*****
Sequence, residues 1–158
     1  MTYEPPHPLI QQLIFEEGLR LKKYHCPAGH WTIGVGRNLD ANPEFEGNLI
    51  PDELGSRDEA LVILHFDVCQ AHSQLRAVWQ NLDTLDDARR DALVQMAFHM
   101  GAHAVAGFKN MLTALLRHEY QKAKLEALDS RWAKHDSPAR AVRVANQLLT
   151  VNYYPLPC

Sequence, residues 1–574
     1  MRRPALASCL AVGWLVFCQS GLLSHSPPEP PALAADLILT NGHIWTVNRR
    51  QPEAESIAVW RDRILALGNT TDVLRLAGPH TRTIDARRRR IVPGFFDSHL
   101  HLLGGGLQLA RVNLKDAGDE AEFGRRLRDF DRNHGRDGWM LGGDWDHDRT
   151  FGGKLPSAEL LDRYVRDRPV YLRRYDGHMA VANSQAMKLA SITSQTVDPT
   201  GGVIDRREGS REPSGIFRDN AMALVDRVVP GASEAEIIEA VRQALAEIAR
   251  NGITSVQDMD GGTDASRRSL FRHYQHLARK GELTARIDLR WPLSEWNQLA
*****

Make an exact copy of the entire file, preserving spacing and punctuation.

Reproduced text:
Sequence, residues 1–158
     1  MTYEPPHPLI QQLIFEEGLR LKKYHCPAGH WTIGVGRNLD ANPEFEGNLI
    51  PDELGSRDEA LVILHFDVCQ AHSQLRAVWQ NLDTLDDARR DALVQMAFHM
   101  GAHAVAGFKN MLTALLRHEY QKAKLEALDS RWAKHDSPAR AVRVANQLLT
   151  VNYYPLPC

Sequence, residues 1–574
     1  MRRPALASCL AVGWLVFCQS GLLSHSPPEP PALAADLILT NGHIWTVNRR
    51  QPEAESIAVW RDRILALGNT TDVLRLAGPH TRTIDARRRR IVPGFFDSHL
   101  HLLGGGLQLA RVNLKDAGDE AEFGRRLRDF DRNHGRDGWM LGGDWDHDRT
   151  FGGKLPSAEL LDRYVRDRPV YLRRYDGHMA VANSQAMKLA SITSQTVDPT
   201  GGVIDRREGS REPSGIFRDN AMALVDRVVP GASEAEIIEA VRQALAEIAR
   251  NGITSVQDMD GGTDASRRSL FRHYQHLARK GELTARIDLR WPLSEWNQLA